Sea World – The Good And The Bad

We spent yesterday with my daughter and her family at Sea World in San Diego, and as expected, those two grandkids of mine ran all four of us adults ragged, and still had energy to spare! Don’t let those oil company clowns fool you, there is no energy crisis. All we need to do is harness up whatever it is that gives children under age 10 their pep and we’d have enough power to run the world!

Miss Terry had never been to Sea World before, and I had only made one previous visit. We both came away with mixed impressions. The tricks they teach their orcas and dolphins to do are truly amazing.

Unless you have seen a four hundred pound dolphin leap high in the air to jump across a rope, or a massive killer whale launch itself out of the water and spin on its tail, you just can’t know how impressive it is.

The interaction between the animals and their handlers is really something to see. We watched a petite teenaged girl perform a beautiful water ballet with an orca, and then ride on its nose around the pool. Later, several of the beautiful black and white creatures slid completely out of the water to pose for photographs.

Sea World is a great place for kids to learn about wildlife, from petting and feeding giant batwing rays, to handling starfish and hand feeding dolphins. My son-in-law, Jim Robinson, enjoyed introducing daughter Hailey to the starfish and sea urchins in the man made tide pool.

But there is a flip side to the Sea World experience that left a bad taste in our mouths. Everything is so darned expensive, and in some cases it’s a downright rip-off! Yes, I understand that it costs a lot of money to operate a place like this. But do they have to rob you at every turn?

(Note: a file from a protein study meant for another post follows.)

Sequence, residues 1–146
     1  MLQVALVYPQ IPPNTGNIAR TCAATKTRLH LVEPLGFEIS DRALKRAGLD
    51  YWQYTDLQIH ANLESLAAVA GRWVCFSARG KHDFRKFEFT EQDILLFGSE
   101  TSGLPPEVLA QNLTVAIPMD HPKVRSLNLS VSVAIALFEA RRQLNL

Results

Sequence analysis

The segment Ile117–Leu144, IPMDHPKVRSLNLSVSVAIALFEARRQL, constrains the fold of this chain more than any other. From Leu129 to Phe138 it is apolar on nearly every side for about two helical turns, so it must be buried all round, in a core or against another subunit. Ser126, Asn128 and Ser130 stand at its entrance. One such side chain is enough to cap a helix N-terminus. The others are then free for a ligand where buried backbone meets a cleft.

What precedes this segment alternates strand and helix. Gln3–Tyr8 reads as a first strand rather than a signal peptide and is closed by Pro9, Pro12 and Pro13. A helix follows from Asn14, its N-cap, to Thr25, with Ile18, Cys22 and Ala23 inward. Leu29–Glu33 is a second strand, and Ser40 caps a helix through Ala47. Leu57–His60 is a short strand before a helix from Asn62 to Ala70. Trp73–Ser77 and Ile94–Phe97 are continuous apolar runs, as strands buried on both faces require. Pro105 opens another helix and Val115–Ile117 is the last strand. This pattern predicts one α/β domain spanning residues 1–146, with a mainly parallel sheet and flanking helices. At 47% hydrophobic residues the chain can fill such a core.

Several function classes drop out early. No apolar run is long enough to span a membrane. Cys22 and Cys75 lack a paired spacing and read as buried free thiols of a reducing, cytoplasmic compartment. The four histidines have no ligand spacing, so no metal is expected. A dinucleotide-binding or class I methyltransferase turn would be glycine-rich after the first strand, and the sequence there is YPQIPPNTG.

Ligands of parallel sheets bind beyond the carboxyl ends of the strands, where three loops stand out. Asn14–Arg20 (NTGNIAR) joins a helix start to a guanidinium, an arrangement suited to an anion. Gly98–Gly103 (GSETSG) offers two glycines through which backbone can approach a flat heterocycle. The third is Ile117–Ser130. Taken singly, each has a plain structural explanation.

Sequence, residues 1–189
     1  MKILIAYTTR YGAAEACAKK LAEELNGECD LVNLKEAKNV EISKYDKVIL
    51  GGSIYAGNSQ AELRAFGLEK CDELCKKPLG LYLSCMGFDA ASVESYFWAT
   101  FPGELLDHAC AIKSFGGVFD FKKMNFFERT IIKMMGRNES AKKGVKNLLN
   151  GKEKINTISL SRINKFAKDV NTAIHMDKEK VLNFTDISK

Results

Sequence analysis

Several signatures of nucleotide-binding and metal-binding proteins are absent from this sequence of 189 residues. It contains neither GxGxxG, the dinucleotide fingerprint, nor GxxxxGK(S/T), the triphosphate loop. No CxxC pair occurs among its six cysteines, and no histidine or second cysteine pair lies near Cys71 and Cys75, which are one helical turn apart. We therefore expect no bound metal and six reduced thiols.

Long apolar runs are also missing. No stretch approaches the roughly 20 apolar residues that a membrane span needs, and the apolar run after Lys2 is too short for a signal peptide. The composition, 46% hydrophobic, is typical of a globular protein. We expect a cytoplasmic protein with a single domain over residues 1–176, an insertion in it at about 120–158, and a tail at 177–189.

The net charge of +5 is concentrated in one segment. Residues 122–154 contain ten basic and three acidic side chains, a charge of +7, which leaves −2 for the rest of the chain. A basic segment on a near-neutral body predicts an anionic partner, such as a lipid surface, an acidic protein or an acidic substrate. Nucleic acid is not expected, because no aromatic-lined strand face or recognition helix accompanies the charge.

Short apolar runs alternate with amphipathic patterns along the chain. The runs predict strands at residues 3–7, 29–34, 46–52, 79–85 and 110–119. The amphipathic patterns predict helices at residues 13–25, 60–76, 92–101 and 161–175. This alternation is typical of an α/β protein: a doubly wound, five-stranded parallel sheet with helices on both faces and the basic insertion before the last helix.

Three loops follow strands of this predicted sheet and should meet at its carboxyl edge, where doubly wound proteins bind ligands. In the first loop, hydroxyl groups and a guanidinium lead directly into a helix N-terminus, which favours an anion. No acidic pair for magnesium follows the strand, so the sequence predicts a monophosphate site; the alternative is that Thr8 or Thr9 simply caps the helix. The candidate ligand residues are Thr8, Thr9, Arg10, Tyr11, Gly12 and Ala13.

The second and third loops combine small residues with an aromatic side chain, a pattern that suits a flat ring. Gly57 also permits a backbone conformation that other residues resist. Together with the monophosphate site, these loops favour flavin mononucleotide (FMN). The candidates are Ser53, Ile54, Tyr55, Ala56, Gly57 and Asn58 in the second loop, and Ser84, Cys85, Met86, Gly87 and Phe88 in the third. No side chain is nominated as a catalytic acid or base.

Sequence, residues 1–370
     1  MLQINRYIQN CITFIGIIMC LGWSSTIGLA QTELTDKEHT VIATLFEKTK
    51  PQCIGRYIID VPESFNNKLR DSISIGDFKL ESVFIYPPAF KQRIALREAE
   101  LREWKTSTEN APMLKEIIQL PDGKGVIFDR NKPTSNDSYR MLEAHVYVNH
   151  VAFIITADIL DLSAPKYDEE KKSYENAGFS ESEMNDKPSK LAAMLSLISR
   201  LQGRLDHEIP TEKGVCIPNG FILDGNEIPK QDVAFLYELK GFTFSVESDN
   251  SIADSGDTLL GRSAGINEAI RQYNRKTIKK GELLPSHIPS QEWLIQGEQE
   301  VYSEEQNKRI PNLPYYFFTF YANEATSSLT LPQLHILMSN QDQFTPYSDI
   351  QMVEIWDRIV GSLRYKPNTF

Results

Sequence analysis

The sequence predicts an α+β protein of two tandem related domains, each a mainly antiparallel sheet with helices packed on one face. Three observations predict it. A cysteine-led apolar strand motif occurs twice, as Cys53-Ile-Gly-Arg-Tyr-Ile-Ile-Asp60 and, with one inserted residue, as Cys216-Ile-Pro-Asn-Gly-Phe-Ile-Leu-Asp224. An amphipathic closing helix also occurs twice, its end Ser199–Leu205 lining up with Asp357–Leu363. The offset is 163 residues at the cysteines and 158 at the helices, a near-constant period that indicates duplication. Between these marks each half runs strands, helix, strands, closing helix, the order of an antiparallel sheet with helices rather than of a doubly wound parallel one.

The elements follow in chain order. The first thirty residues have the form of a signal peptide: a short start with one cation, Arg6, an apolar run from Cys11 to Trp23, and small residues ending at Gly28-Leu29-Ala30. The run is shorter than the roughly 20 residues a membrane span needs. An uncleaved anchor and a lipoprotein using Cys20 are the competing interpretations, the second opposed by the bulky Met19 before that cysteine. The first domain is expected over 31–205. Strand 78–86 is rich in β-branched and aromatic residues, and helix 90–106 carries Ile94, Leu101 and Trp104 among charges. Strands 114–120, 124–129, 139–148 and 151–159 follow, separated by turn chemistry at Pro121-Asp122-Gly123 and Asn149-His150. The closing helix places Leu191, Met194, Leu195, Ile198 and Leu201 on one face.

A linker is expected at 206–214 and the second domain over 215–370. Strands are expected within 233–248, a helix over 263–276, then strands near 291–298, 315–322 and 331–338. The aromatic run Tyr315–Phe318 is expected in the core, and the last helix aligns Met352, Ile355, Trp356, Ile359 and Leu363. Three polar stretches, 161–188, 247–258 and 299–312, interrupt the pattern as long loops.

A one day admission pass for anyone age 10 and above is $65, and kids ages 3 to 9 are $55. You can get some better deals online or at local hotels, but you can still expect to pay $50 or so for an adult ticket, and a child’s admission will set you back $40 with a discount. So for a family of four, it’s going to cost close to $200 with discounted tickets.

However, as they say in all of those late night television infomercials, “But wait, there’s more!” Parking is $12 a day for a passenger car, and $17 for an RV. And once you get inside the park, keep your wallet handy. Every time you turn around, someone has taken your picture, a copy of which you can get for $10 to $15.

I expect to pay more for snacks and food at a theme park. After all, they have a captive audience. But for what a burger and fries set me back, I could have had a nice sit down dinner at a Chilies or Applebee’s kind of restaurant.

Tiffany was understandably upset when we went to the Dolphin Encounter, where for $6 you get three dead minnows to feed to the dolphins. As soon as they gulp down your three fish, you are quickly herded out unless you want to spend another $6 on three more minnows. Not because there is anyone else in line behind you waiting their turn (there wasn’t), but because if you’re not spending money, you’re history.  

We hung around for the evening Shamu Rocks show, and by then it was dark and downright chilly. They had vendors working the crowd, selling cups of hot chocolate, and Jim was going to buy some for the kids until we learned they were $10 a cup! Hey, for that kind of money, I want Shamu himself out of the pool and carrying it up to me!

Don’t get me wrong, we had a wonderful time, and we’re going back this morning, because Tiffany has Hailey signed up for an in the water dolphin encounter program. (I have no idea what that costs, and probably don’t want to know.)

I just wonder how many hard working parents will never be able to bring their kids to Sea World because the high prices for everything are simply out of their reach.

Thought For The Day - Middle age is when work is a lot less fun and fun a lot more work.

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